The essence of the Oxford interview is that they're not testing what you know, but rather how you think. On the day, all you need to do is relax and clear your head. Make sure you listen to the question, pause and think logically, and then say your thought processes out loud. The rest will flow from there!

What can students expect from the interview process?

There's no standard format for an Oxford interview; it depends on the subject you’re applying for, the individual tutor, and the college. Generally, you'll have multiple 20-minute interviews, all aimed at giving you the best chance to show your potential. I had two at the college I applied to (Magdalen), and then two at another randomly allocated college (Wadham).

Incidentally I didn’t get an offer from Magdalen, but did from Wadham – only going to show how the very different teaching styles suit different applicants. As I said before you'll be interviewed by your potential future tutors. Each interview will have at least two interviewers and often one other person just listening.

The interviews are generally spread over two days, which means one of the colleges will put you up for the night and provide dinner in the hall. This is a great opportunity to enjoy your surroundings and try to relax, and there will be loads of first years on hand to answer questions and help you get settled in.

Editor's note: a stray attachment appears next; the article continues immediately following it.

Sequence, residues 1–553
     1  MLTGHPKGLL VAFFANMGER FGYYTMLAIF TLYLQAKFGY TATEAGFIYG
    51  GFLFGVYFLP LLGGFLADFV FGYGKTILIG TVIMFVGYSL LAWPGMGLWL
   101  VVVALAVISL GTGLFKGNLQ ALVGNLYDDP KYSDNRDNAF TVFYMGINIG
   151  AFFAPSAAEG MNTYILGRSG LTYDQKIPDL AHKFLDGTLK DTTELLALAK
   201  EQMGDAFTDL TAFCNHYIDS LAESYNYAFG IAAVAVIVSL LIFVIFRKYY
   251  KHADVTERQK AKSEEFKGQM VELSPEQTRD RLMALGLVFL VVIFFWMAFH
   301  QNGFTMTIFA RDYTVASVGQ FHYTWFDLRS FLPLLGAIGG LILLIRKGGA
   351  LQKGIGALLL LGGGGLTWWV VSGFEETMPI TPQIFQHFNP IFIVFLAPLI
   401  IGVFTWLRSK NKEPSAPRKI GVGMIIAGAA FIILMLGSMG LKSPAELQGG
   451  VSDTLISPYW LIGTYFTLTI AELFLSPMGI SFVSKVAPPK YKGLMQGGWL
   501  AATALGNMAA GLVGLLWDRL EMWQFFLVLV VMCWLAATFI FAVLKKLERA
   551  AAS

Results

It’s impossible to predict what questions you'll be asked, but in general the science subjects will be based around solving a problem, which often involve working through graphs or equations, or designing a theoretical experiment.

This may seem daunting, but the interviews are extremely interactive and the tutors will constantly guide you in the right direction. The arts interviews can be more diverse, but may involve discussing a text or working through a social or political concept. In any case, the same principles apply: they are not testing what you know, but rather, how you think.

What happened after your interview?

After the interview, there wasn't really any feedback but you're told that they'll let you know how things went in a few weeks. I think some colleges send letters to all their applicants, but at Wadham the tutors like to give the successful applicants a phone call.

As I said before, the tutors are hand-picking their own students, and each college may only have a handful of students for each subject in each year – there were five of us studying medicine at Wadham – so the whole process is very personal.

Then what?

After you’ve been for your interview, you should hear back from the university by January the following year, when you’ll find out whether or not you’ve been successful.

If you do get a letter confirming that you have been granted a place, you should make sure that you read it through carefully. If you get a conditional offer – which is the usual type of offer made to students completing their A-levels – it means your Oxbridge place is conditional on you achieving a certain set of grades.

Of course, if you already have your A-level results before applying (for instance if you’ve taken a gap year and are only just applying) then your offer will most likely be unconditional.

After that, all you have to do is spend the rest of the year concentrating on your exams! 


Want to study at Oxbridge but not sure which subject? Start searching for Oxbridge courses here.

Starting your Oxbridge application? Here’s 5 Ways to Get Your Oxbridge Application Noticed